I think the second big piece that has really registered with emergency managers today is, they are coming to the realization that those old techniques, the old tools, the things that we learnt before, the things that have been the pillars of emergency management for maybe the last two, three, four decades may not necessarily be the best tools to get you through in the future. So, I think a lot of them are waking up to the fact that hey, we have to do things a little bit differently if we want to succeed.
ZN: Sure. In terms of those pressure points, are they facing the most uncertainty in terms of the events themselves? Is it just in the aspect that these things are constantly changing? Where is this coming up the most?
SK: Well, literally, it’s in almost everything. So, in the events… Well, think about it this way. If you think about the city of Toronto, not too long ago, they had an individual in a van drive through pedestrians. But the person who was in the van was not radicalized in the ideologies that most people would normally assume he has, adhering to a misogynistic ideology. And that was what drove him to take his actions by the reports that we’ve seen. So, even in the incidents that do occur… So, first of all, it’s who would expect the van to go through a downtown city and hit people. You know, three or four years ago, probably no one. Today, almost everyone. So, the incident itself has changed.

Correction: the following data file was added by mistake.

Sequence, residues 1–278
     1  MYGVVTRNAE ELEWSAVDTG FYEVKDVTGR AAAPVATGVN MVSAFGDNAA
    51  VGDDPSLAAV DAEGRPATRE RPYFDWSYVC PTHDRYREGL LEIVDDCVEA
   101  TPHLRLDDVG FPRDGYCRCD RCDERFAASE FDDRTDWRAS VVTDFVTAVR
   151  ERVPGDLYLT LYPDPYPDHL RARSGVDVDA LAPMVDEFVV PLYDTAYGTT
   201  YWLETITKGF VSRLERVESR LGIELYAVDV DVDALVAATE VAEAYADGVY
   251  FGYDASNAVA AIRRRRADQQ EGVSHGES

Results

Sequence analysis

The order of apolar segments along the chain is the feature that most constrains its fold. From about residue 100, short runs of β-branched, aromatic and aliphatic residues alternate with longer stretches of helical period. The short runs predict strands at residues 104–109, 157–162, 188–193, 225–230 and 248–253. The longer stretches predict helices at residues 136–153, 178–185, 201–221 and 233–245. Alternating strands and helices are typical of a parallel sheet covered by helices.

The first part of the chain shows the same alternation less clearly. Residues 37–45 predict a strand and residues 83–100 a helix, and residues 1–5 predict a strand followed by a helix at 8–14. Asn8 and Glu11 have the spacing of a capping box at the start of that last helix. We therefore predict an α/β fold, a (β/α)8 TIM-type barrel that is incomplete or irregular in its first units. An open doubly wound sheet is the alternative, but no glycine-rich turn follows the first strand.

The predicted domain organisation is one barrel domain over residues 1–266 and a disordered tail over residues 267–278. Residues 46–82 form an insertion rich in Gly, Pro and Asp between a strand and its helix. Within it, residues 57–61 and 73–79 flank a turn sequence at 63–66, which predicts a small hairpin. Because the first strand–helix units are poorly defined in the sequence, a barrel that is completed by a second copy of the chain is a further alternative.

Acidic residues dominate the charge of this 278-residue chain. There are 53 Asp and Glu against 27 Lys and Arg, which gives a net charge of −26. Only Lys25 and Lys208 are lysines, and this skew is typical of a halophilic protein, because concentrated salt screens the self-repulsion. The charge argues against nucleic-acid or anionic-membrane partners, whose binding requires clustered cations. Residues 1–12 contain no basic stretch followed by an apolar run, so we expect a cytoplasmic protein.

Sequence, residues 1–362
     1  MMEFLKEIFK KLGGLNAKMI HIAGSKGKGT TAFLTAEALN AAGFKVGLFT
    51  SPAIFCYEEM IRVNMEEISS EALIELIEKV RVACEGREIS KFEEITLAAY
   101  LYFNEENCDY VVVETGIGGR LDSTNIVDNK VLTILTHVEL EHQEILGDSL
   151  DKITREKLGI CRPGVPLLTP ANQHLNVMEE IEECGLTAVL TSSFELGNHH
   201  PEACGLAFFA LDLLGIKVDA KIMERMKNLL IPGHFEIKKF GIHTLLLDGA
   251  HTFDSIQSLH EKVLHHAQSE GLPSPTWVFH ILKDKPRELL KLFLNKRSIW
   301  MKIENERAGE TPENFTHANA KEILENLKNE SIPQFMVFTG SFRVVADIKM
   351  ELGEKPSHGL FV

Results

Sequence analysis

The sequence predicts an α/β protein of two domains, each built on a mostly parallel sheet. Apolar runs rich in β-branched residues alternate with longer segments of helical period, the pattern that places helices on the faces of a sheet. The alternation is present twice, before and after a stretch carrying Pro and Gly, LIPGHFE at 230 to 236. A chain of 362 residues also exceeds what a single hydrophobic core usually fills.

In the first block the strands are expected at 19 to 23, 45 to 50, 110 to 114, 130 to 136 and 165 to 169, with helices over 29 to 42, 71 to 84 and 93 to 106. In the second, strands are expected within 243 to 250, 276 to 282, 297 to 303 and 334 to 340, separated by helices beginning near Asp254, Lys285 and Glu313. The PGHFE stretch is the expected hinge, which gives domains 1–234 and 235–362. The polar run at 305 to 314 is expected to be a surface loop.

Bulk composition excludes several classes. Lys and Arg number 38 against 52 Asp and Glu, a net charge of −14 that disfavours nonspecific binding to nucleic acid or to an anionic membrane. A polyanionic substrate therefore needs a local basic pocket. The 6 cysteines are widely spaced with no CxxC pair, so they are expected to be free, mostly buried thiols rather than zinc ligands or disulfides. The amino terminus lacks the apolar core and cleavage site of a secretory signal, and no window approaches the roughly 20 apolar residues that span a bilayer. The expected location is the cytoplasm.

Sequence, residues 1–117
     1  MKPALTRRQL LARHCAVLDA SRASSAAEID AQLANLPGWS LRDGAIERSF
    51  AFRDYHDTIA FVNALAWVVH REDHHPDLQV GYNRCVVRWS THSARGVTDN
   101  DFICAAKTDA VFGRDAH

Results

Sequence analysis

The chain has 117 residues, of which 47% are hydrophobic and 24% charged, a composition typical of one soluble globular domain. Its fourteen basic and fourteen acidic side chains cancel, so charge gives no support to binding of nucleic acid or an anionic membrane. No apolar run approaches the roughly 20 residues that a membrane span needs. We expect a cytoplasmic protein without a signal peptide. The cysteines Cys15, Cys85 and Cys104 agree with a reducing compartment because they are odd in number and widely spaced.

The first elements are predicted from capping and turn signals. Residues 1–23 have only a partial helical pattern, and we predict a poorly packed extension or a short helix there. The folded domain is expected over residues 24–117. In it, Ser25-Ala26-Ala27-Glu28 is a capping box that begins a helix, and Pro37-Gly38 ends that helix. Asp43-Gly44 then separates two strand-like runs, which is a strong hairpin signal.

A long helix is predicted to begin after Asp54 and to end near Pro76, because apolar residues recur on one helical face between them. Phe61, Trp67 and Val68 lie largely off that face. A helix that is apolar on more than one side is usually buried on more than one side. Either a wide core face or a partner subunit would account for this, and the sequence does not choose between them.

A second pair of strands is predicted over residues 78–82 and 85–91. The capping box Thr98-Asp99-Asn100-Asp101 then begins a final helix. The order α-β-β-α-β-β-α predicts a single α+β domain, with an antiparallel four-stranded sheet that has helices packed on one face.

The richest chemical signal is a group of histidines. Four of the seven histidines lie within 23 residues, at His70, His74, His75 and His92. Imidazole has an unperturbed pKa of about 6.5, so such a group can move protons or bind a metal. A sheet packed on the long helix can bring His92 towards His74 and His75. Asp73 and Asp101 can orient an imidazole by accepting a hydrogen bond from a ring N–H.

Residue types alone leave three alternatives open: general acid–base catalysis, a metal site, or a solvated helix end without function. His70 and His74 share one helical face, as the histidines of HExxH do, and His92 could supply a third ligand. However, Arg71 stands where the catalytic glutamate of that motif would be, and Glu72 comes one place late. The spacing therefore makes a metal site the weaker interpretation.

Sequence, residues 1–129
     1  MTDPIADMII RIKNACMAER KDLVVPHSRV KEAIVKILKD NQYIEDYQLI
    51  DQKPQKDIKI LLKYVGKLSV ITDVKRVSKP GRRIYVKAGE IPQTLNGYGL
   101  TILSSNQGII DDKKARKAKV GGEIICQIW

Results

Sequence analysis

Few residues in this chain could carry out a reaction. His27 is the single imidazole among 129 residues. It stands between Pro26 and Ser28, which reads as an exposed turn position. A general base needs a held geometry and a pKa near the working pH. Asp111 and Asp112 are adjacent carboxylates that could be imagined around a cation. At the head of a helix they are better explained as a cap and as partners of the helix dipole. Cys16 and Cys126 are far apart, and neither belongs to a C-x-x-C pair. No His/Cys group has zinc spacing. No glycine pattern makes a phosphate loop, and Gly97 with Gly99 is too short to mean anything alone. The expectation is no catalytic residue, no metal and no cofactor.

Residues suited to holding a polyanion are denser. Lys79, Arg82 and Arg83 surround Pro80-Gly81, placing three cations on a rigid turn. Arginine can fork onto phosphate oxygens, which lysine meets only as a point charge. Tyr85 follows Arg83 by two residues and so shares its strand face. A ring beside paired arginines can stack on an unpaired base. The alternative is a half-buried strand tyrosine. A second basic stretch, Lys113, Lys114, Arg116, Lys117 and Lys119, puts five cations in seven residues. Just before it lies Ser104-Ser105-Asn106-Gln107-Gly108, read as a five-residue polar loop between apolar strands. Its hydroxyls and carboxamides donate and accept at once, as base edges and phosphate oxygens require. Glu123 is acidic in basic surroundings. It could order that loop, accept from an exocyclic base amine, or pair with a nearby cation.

The second thing that’s changing is, even within those incidents, who’s doing it? Why is this happening? That’s changed. That applies to natural disasters as well, if you think about flooding, if you think about where it’s gone. Hurricane Sandy, I think, was an incredible wake-up call for the city of New York, just in terms of the challenge it could provide. So, we’re seeing not only the incidents changing, but within those incidents itself, the aspects of how you deal with it, what we might be responsible for, what sort of issues it causes. All of that’s changing, which is why I go back to the original point I made. The only thing constant in today’s emergency management environment is change and evolution.
ZN: Sure. I’m assuming then that you would say that the stakes are higher now than they’ve ever been?
SK: Absolutely. Think about it this way. What’s the first place you go to for information in an emergency, or where do you first hear from it? I think 9 out of 10 people, if not more, would probably answer on social media somewhere.
ZN: Twitter probably for me, yeah.